My next questions are now regarding the longevity of a battery and reliability of a car like mine as my warranty expires in December. Should I be concerned that it has the upgraded Ludicrous mode, or may that help the drivetrain somehow due to the hardware upgrades that the upgrade required upon installation?

How about the air suspension? I haven’t had any issues in the past (car had 83k miles), but I’ve had other cars (sl55 and e55) and eventually those were big cost items to repair…is that the case for Teslas too, and can I somehow get tesla to do “pre-purchase” type of inspection to check for any issues while under warranty-has anyone had success getting the service center to do such a thing?
Update on this post! Tesla wants $1500 for a full drop / battery inspection (I was just curious as to how much they would charge and if they would ask any questions about why I want I check for water ingress-which they did).

They are going to charge me $233 for a “general inspection” of the car. I’m guessing it’s like a ppi. Would you all trust the tesla service center to point out issues with the car right before the warranty expires? Or would you think it would be better to take to an Indy shop for the inspection prior to the warranty’s expiration ?
 
Update on this post! Tesla wants $1500 for a full drop / battery inspection (I was just curious as to how much they would charge and if they would ask any questions about why I want I check for water ingress-which they did).

They are going to charge me $233 for a “general inspection” of the car. I’m guessing it’s like a ppi. Would you all trust the tesla service center to point out issues with the car right before the warranty expires? Or would you think it would be better to take to an Indy shop for the inspection prior to the warranty’s expiration ?

About 4 years ago I did trust Tesla on that with my vehicle at 48,000 miles. They found tons of stuff that they fixed at no charge to me. Whether or not the current Tesla would do that, I don't know.
 
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Droschke

Active Member
Mar 8, 2015
3,356
5,233
Future
I bet my service center would still do an amazing job on a pre warranty expiring vehicle inspection, anytime other than the last week of the quarter.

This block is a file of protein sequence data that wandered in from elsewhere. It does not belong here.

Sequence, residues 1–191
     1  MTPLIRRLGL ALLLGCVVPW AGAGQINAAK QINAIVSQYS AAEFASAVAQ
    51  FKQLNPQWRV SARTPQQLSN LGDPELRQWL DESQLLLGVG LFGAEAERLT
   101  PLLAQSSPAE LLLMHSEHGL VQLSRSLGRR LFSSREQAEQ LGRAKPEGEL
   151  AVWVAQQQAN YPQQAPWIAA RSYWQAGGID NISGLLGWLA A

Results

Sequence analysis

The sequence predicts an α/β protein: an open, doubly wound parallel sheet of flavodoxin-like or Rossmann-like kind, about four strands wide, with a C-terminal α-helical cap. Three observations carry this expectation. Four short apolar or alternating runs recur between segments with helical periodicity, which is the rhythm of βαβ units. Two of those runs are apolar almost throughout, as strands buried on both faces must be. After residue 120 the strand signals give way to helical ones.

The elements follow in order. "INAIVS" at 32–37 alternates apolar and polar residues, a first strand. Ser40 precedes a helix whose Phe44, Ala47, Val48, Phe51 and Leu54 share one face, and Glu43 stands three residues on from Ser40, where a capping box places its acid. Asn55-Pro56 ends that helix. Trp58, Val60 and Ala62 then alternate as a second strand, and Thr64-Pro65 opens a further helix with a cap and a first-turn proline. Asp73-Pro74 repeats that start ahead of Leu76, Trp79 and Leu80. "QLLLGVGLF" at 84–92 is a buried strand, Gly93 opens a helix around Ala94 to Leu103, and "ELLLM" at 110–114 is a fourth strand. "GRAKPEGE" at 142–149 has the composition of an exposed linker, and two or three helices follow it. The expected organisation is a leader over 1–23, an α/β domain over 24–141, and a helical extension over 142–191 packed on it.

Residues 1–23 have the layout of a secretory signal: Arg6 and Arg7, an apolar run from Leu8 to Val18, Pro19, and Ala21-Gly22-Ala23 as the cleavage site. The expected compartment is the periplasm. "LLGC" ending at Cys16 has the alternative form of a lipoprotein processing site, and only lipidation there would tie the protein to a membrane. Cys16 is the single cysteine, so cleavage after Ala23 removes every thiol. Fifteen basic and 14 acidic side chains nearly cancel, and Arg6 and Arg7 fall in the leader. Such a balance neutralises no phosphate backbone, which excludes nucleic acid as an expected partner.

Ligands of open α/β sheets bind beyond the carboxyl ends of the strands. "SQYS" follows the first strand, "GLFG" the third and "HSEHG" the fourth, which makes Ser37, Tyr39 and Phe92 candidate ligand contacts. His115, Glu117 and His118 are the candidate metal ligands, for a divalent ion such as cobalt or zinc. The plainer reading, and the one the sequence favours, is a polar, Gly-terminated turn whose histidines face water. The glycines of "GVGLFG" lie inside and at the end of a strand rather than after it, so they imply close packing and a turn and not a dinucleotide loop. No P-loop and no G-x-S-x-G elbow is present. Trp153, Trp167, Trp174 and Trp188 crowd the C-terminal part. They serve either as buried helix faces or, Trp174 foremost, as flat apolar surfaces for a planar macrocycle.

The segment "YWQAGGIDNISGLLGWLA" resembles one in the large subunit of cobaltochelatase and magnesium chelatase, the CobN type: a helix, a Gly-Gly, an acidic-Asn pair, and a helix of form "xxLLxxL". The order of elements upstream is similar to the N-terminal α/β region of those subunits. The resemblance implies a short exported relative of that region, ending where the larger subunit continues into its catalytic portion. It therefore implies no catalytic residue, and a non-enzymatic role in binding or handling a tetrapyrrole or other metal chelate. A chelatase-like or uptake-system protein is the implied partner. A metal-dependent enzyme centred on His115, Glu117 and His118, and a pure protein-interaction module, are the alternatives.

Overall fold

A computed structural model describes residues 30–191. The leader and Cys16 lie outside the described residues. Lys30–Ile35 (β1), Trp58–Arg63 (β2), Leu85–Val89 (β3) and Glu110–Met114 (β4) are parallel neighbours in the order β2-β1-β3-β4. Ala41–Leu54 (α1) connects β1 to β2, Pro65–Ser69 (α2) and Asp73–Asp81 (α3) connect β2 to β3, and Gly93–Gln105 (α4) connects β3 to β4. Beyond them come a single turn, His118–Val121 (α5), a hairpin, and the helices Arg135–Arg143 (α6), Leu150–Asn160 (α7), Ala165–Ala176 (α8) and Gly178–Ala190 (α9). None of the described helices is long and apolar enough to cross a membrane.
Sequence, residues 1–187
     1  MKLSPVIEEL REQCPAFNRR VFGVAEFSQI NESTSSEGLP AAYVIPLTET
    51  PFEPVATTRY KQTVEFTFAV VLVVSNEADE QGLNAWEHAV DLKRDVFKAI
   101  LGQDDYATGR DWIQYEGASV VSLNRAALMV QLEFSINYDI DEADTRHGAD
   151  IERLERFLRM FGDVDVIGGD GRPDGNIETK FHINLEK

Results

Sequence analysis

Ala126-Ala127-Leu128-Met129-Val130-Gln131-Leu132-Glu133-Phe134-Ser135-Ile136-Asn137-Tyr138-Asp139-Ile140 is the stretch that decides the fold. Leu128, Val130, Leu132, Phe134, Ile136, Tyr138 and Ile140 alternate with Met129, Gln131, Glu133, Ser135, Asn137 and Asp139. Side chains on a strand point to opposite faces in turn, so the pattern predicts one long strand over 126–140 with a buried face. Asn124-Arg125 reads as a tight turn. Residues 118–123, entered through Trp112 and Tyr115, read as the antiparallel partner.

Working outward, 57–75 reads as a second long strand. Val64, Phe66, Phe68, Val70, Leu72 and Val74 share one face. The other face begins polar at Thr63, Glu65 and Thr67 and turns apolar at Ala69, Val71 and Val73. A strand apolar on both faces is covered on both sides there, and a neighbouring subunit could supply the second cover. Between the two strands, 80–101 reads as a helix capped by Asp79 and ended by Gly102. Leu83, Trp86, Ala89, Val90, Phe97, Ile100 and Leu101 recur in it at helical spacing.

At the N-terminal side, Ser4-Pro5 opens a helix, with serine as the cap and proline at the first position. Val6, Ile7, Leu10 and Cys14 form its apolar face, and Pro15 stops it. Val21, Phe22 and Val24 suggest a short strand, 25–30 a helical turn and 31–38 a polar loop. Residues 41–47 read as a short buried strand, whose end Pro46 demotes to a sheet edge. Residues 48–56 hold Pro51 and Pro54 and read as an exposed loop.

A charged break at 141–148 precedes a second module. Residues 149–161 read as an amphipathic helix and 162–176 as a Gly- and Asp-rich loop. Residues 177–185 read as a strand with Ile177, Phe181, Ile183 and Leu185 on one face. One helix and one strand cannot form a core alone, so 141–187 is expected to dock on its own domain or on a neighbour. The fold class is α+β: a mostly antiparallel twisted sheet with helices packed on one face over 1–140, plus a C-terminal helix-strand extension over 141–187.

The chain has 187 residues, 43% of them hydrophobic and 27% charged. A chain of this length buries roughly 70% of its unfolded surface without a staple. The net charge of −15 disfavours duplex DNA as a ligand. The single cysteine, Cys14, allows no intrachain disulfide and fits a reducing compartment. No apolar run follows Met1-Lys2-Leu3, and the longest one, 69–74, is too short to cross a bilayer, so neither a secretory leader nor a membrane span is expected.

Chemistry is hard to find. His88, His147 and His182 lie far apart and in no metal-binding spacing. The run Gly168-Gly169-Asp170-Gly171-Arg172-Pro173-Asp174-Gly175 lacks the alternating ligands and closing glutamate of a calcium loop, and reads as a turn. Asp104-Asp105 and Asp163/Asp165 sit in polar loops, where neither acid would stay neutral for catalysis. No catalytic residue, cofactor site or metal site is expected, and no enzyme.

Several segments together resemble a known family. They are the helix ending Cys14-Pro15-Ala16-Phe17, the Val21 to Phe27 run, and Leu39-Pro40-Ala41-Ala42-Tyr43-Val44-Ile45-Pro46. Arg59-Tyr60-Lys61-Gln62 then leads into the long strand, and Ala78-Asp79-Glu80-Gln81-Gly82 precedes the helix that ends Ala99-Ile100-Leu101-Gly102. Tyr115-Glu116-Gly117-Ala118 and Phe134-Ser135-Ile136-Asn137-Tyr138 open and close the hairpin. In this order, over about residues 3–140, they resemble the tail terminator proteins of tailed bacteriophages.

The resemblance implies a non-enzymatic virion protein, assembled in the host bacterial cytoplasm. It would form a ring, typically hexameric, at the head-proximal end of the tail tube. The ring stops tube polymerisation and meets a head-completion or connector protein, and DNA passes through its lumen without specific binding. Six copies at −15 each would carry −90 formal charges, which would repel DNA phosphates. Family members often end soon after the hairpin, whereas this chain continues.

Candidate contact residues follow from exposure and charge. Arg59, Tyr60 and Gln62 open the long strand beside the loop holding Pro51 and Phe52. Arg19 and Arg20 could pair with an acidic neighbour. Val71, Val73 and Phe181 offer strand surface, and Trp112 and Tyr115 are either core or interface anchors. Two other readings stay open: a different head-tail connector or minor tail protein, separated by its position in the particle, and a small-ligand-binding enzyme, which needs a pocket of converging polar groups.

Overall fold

My service center flatly refuses to look at anything if it's not already broken. How do you even approach them with such a request? Do you have to pay for it? And, is there a list of what they inspect you happen to have or would present to them?

Thanks.
 
My service center flatly refuses to look at anything if it's not already broken. How do you even approach them with such a request? Do you have to pay for it? And, is there a list of what they inspect you happen to have or would present to them?

Thanks.
In the past with Benz and BMW’s I had to complain and describe specifics, such as “customer states squeaky noise coming from from left part or car (would mean that they need to check out suspension or cv boo text)”.

— I am looking for an exhaustive list of all items that can go wrong with an 8 year old model s with 100k miles, and then the proper ways to describe those things so that they have to look to see if anything is wrong. Anyone know of one?
 
360.000km and still have my original air suspension and its running fine. Definitly worth it in my opinion.

2016 90D -- still on the older style B2B used car warranty (until june).

The car was sagging overnight; they threw parts at it until they'd replaced the compressor, the central valve block, and both rear springs.

I wouldn't have put up with such madness if it were on my dime -- each of these is a 500+ dollar replacement.

I think the real problem with the air spring system (which I quite like) is that often times, even if there is some reasonable diagnostic process, it isn't followed and what follows is a hideously expensive game of part swapping that can cost quite a lot of money.